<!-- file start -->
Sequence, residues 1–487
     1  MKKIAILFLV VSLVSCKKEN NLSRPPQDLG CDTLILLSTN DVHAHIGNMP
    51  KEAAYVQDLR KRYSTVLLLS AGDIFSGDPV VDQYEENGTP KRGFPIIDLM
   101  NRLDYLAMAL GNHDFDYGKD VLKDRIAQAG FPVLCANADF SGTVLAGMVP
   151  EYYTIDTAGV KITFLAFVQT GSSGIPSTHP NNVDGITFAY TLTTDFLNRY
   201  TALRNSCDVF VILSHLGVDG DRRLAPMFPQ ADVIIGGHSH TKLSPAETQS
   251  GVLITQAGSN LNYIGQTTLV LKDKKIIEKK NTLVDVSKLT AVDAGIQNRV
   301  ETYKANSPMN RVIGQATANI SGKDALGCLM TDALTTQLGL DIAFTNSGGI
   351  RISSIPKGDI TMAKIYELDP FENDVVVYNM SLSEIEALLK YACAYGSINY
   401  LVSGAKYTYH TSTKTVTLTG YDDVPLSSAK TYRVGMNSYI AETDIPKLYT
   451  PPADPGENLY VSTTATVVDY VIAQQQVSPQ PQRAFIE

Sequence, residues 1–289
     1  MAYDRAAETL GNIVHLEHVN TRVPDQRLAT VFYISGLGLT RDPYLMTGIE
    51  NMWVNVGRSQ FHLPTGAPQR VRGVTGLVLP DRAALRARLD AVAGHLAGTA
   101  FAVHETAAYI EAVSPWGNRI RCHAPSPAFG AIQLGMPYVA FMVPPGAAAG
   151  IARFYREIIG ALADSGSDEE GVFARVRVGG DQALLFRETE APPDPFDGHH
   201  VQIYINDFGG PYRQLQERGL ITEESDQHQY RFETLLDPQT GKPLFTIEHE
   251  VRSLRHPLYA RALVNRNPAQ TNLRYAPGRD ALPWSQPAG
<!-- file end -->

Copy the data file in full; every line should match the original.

Sequence, residues 1–487
     1  MKKIAILFLV VSLVSCKKEN NLSRPPQDLG CDTLILLSTN DVHAHIGNMP
    51  KEAAYVQDLR KRYSTVLLLS AGDIFSGDPV VDQYEENGTP KRGFPIIDLM
   101  NRLDYLAMAL GNHDFDYGKD VLKDRIAQAG FPVLCANADF SGTVLAGMVP
   151  EYYTIDTAGV KITFLAFVQT GSSGIPSTHP NNVDGITFAY TLTTDFLNRY
   201  TALRNSCDVF VILSHLGVDG DRRLAPMFPQ ADVIIGGHSH TKLSPAETQS
   251  GVLITQAGSN LNYIGQTTLV LKDKKIIEKK NTLVDVSKLT AVDAGIQNRV
   301  ETYKANSPMN RVIGQATANI SGKDALGCLM TDALTTQLGL DIAFTNSGGI
   351  RISSIPKGDI TMAKIYELDP FENDVVVYNM SLSEIEALLK YACAYGSINY
   401  LVSGAKYTYH TSTKTVTLTG YDDVPLSSAK TYRVGMNSYI AETDIPKLYT
   451  PPADPGENLY VSTTATVVDY VIAQQQVSPQ PQRAFIE

Sequence, residues 1–289
     1  MAYDRAAETL GNIVHLEHVN TRVPDQRLAT VFYISGLGLT RDPYLMTGIE
    51  NMWVNVGRSQ FHLPTGAPQR VRGVTGLVLP DRAALRARLD AVAGHLAGTA
   101  FAVHETAAYI EAVSPWGNRI RCHAPSPAFG AIQLGMPYVA FMVPPGAAAG
   151  IARFYREIIG ALADSGSDEE GVFARVRVGG DQALLFRETE APPDPFDGHH
   201  VQIYINDFGG PYRQLQERGL ITEESDQHQY RFETLLDPQT GKPLFTIEHE
   251  VRSLRHPLYA RALVNRNPAQ TNLRYAPGRD ALPWSQPAG